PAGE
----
Journeys Made: Where Are We Going?
Between us, we’re did 5.2 billion “vehicle kilometres” in 2006. With 1.2 million bikes registered in the UK, that means about 2,700 miles per bike, or one ex-pizza delivery Honda C70 with a *very* high mileage.
Annual mileage has gone up steadily since 1996, with a peak in the middle of the scooter boom in 2003.
As you’d expect, the number of miles covered by motorcycles varies over the course of the year, with about twice as many miles covered in the June July and August compared to December, January and February. More motorcycle trips are made on weekdays than on weekends, with nearly two thirds of trips being for work, business or education (presumably this is what the rest of us call “commuting”) compared with less than a third of car trips being for these purposes.
Motorcycle journeys made for “leisure purposes” tend to be twice as long as car trips made for leisure; proof that motorcycling is at least twice as much fun as driving.
As you’d expect, people with bigger bikes make longer journeys than those with small bikes, with mopeds averaging about 3000 miles per year, 125cc bikes averaging about 3600 miles a year, and bikes over 501cc averaging about 4200 miles a year. Note that these are mileages per bike, not per rider!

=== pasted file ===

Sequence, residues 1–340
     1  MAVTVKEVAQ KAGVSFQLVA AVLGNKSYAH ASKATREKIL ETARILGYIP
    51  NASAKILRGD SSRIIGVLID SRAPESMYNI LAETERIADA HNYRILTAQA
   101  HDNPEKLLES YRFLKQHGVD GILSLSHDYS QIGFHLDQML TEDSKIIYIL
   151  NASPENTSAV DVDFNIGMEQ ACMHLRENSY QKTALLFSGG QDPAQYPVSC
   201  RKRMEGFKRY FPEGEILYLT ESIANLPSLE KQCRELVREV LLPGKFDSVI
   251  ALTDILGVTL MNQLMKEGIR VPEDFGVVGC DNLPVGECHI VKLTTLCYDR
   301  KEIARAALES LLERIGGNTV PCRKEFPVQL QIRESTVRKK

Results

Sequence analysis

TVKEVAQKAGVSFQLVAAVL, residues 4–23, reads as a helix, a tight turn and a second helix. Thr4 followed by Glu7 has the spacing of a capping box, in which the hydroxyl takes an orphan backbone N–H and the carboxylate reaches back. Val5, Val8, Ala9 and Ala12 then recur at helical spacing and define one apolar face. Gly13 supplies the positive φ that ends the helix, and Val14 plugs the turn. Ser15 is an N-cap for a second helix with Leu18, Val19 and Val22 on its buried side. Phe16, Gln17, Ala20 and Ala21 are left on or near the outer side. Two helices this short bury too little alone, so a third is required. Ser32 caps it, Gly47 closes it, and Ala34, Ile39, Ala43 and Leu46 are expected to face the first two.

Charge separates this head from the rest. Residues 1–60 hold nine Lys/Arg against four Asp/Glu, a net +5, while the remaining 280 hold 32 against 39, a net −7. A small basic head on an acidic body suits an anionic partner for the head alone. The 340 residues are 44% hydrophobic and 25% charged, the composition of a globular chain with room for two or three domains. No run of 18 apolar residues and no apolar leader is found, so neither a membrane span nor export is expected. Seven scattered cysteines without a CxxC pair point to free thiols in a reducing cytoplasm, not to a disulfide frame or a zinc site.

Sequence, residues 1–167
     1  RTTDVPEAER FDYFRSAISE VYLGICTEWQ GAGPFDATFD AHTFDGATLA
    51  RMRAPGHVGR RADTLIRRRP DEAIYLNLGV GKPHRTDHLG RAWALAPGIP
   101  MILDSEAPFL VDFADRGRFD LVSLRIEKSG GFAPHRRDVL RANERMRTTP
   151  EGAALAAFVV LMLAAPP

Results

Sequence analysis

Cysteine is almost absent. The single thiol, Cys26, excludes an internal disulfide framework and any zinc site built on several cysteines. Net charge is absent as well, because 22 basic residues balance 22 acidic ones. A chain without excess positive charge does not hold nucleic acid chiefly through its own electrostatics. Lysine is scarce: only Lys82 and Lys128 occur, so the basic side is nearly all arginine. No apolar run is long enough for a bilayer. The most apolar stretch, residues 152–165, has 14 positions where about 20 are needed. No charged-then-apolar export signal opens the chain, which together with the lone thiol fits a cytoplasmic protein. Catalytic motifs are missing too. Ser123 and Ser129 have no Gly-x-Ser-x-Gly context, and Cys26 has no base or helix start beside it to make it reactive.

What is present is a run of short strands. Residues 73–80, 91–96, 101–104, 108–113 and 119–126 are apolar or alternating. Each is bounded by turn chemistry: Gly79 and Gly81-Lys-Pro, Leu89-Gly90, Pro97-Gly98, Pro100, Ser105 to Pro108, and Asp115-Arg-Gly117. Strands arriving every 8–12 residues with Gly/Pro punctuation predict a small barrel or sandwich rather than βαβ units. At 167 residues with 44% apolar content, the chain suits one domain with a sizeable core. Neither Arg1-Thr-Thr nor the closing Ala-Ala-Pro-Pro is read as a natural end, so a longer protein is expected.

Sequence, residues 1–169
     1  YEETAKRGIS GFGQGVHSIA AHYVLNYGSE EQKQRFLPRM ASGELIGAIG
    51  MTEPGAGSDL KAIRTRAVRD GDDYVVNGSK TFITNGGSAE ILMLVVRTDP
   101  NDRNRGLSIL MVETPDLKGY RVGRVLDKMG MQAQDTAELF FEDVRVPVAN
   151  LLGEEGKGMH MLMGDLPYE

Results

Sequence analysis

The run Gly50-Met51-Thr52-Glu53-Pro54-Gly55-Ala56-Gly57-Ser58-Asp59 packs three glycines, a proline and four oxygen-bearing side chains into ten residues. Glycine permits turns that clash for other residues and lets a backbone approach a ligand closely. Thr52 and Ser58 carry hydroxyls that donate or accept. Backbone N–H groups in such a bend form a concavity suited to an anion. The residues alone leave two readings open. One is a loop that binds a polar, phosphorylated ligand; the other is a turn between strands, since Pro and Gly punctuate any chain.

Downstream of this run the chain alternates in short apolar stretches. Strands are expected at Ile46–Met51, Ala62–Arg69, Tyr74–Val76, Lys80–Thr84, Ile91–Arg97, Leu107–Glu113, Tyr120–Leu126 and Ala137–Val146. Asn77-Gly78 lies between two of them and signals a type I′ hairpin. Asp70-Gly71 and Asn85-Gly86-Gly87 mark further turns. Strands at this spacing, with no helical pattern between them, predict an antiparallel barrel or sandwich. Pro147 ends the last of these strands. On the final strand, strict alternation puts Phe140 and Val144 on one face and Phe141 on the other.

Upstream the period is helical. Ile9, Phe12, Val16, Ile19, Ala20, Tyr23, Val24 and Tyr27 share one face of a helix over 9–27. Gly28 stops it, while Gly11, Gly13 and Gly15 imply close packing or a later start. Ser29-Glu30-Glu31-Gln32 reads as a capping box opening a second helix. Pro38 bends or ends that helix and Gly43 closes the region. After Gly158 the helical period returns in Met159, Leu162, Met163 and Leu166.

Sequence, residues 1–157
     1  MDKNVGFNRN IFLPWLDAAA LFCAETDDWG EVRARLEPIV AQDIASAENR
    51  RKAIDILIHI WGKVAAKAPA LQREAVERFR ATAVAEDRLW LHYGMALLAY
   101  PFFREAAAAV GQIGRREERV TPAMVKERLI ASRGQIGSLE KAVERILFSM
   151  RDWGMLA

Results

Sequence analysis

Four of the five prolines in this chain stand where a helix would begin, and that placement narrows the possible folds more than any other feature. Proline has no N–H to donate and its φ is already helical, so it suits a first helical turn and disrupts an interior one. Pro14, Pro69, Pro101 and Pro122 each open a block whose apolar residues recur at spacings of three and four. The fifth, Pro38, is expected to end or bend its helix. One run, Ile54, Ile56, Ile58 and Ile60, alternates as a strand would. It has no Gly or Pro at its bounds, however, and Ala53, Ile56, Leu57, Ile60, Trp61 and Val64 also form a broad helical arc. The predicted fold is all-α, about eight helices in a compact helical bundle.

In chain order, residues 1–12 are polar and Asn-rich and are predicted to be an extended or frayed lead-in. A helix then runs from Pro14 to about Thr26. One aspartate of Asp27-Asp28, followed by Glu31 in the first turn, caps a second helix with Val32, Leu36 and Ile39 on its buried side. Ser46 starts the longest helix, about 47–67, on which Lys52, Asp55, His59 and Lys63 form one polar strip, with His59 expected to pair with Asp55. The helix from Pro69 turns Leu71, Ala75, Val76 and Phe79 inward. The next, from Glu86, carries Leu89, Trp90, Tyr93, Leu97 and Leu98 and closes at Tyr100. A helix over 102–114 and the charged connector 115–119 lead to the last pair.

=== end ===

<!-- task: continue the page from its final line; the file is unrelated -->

Most of us break the speed limit. 54% of us break it on motorways, 48% on dual carriageways, 37% on “National Speed Limit” single carriageway roads, 39% in 40mph limits and 51% in 30mph limits. The only places where bikes average significantly higher speeds than cars are on those “National Speed Limit” single carriageway roads, where cars average 48 and bikes average 53.
Motorcycle Safety: Are We Going to Get There?
The figures here are all for people Killed or Seriously Injured (KSI) which sounds dramatic but “seriously injured” can mean something that needs treating in hospital but that a lot of us would recover from quite quickly; sprains, minor fractures etc. We shouldn’t play this down too much, but we all know people who have been back at work the day after being “seriously injured” in a motorcycle accident, while none of us know anyone who has returned to work after being killed. Apart from maybe the odd mortuary attendant.